Speech SKY ROCKET!

In the past, I have posted sign language and verbal language vocabulary updates. While that has always given me great excitement and pride, it doesn’t compare to not having a list anymore. I tried to keep writing down all of the words that Oliver says now, but if I would have continued I would have ended up with a novel. He has made extreme progress throughout the past two months. Most all of his signs have been replaced with words, he is requesting what he wants/needs, is counting up to 20 on his own (and up to 100, when going back and forth with me), is very familiar with the alphabet (knows every letter, the order they go in, and recognizes them), and is speaking up to 3 word sentences in a conversation style. He is greeting his teachers and classmates by name and even spontaneously sang Twinkle Twinkle Little Star all on his own last night. While he is still on the vitamins, supplements, and diet he has been on for roughly 18 months, in addition to ABA/SLP/OT services for the same amount of time, I introduced a new supplement called Restore to Oliver 3 months ago. He was battling back and forth constipation and diarrhea since birth and, within 2 weeks, was fully balanced out in that department. Shortly thereafter he became more vocal and has since gone from nonverbal to practically needing a list of words he can’t say, rather than the few he can. I am really grateful for this supplement and just wrote up a testimonial for their website, too. I’m loving seeing other individuals experiencing positive results.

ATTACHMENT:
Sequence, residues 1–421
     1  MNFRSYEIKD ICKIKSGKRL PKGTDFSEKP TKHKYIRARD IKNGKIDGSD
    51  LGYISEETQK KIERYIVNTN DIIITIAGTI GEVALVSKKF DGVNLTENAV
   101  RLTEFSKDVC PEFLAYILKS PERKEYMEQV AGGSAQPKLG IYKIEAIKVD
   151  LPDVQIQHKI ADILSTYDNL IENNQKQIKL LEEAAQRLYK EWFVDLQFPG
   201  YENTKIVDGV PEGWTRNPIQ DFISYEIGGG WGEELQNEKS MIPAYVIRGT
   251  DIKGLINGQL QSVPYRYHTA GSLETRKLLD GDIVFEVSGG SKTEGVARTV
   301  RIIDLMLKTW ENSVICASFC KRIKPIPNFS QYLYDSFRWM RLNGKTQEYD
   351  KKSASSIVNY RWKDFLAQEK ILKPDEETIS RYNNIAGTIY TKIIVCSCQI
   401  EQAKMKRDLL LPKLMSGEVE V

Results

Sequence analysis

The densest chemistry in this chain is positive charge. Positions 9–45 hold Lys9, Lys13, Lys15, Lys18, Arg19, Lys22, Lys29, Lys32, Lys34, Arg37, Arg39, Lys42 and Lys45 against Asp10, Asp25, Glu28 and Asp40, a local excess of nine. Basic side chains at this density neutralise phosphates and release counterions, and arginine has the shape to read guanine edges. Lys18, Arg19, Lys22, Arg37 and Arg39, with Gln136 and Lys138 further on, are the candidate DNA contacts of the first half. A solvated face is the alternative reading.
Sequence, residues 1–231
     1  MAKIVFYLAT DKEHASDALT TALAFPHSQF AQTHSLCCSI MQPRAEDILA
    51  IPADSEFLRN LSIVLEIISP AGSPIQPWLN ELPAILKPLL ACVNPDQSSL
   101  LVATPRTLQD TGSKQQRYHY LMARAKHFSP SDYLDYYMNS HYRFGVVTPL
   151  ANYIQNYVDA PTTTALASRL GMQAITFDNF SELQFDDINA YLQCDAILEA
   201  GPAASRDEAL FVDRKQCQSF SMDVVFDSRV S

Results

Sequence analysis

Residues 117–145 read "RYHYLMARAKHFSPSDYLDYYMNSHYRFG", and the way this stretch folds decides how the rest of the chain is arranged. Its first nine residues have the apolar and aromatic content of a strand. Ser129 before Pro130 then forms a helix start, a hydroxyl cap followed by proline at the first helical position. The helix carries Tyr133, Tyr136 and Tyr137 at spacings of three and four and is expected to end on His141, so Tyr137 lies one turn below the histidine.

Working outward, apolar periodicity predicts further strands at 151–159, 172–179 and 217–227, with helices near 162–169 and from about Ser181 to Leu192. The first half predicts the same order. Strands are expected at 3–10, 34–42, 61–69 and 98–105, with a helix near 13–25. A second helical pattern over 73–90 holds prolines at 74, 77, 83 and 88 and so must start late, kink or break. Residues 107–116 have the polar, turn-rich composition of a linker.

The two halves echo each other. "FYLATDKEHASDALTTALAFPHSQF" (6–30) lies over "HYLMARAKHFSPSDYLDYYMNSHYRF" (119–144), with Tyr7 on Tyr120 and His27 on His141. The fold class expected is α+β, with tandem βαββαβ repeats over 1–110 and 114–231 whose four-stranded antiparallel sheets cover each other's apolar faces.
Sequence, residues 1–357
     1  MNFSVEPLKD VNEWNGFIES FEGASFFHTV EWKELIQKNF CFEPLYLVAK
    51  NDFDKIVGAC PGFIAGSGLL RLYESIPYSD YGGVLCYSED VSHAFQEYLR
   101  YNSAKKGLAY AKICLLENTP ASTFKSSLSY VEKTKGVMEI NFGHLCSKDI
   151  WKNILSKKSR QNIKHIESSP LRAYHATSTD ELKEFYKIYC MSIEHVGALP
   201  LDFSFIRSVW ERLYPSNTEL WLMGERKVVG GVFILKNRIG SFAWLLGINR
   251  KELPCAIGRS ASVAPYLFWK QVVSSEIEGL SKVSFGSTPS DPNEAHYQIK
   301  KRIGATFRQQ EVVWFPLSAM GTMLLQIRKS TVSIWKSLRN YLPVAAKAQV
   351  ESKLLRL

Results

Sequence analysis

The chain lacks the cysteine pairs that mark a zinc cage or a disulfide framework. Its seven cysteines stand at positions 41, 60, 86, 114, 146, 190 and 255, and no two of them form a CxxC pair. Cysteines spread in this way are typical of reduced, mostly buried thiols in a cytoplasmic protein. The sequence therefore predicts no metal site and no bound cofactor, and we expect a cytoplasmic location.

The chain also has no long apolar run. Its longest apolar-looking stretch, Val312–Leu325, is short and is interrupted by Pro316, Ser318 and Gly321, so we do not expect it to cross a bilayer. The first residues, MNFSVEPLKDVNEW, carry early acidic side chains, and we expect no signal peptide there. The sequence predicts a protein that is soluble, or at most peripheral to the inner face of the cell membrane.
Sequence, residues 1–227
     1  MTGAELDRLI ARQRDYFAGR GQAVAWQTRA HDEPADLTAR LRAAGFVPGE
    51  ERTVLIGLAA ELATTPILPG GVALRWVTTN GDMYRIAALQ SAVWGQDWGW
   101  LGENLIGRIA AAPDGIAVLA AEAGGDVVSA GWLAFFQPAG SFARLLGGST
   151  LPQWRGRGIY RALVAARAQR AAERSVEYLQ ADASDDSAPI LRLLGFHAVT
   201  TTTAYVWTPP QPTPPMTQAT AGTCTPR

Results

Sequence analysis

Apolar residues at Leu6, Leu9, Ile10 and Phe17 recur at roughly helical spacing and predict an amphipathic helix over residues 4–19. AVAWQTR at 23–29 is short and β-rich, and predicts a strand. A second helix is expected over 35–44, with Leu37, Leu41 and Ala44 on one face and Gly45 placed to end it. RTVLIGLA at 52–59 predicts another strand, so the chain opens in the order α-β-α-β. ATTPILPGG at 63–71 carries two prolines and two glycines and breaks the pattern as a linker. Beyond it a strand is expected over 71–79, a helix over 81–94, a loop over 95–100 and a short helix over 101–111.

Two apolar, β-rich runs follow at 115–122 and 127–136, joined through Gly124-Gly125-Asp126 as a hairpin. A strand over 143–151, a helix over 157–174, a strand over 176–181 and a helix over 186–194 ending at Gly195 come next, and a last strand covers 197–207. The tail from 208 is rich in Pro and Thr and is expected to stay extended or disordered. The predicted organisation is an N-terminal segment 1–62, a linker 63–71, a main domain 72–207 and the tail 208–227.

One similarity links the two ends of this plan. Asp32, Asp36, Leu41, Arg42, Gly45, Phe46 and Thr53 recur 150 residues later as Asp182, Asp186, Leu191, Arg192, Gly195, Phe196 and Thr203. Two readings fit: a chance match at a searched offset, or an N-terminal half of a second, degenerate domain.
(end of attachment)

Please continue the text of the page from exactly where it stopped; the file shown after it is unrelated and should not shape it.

I purchase Oliver’s Restore through Amazon to avoid shipping costs, but you can read more about this supplement at: http://restore4life.com

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Potty Training

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Oliver is 3 months shy of his third birthday and I am questioning whether or not he is ready for the potty, despite the fact that preschool is quickly approaching. I have him sit on his little Baby Bjorn intermittently throughout the day, but more times than not, he holds it until he’s in a diaper again. He does not yet seem to understand that if he feels the urge to go, that it is time to go back to the potty. However, he does know when he does end up going that it is a “good” thing and is worthy of celebration. He immediately claps and cheers himself on with an oh-so-sweet “yay!”. I join along with him and then have him help me dump it, flush it, and wash it. Then we wash hands, put a sticker on the potty chart, and end with a high five. While he seems encouraged by this routine, he still hasn’t caught on to the fact that going to the bathroom on the potty is something that we do when we hear our bodies talking to us, rather than when we happen to already be sitting there for a long while.

I am looking to hear from other parents with children on the autism spectrum on what potty training looked like for you. What worked? What didn’t work?